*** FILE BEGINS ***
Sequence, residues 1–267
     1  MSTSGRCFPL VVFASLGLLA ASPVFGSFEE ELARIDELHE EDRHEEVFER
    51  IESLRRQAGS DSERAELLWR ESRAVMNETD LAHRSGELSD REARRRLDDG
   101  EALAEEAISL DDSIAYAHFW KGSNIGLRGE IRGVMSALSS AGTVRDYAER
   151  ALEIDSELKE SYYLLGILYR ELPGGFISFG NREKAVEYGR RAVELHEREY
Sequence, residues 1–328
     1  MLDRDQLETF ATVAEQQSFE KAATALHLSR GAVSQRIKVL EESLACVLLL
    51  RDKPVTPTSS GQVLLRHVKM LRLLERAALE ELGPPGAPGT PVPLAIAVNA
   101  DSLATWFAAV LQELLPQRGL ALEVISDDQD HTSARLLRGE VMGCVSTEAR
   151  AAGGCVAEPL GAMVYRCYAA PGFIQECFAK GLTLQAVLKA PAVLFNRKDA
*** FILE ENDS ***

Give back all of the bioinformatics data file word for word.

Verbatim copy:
Sequence, residues 1–267
     1  MSTSGRCFPL VVFASLGLLA ASPVFGSFEE ELARIDELHE EDRHEEVFER
    51  IESLRRQAGS DSERAELLWR ESRAVMNETD LAHRSGELSD REARRRLDDG
   101  EALAEEAISL DDSIAYAHFW KGSNIGLRGE IRGVMSALSS AGTVRDYAER
   151  ALEIDSELKE SYYLLGILYR ELPGGFISFG NREKAVEYGR RAVELHEREY
Sequence, residues 1–328
     1  MLDRDQLETF ATVAEQQSFE KAATALHLSR GAVSQRIKVL EESLACVLLL
    51  RDKPVTPTSS GQVLLRHVKM LRLLERAALE ELGPPGAPGT PVPLAIAVNA
   101  DSLATWFAAV LQELLPQRGL ALEVISDDQD HTSARLLRGE VMGCVSTEAR
   151  AAGGCVAEPL GAMVYRCYAA PGFIQECFAK GLTLQAVLKA PAVLFNRKDA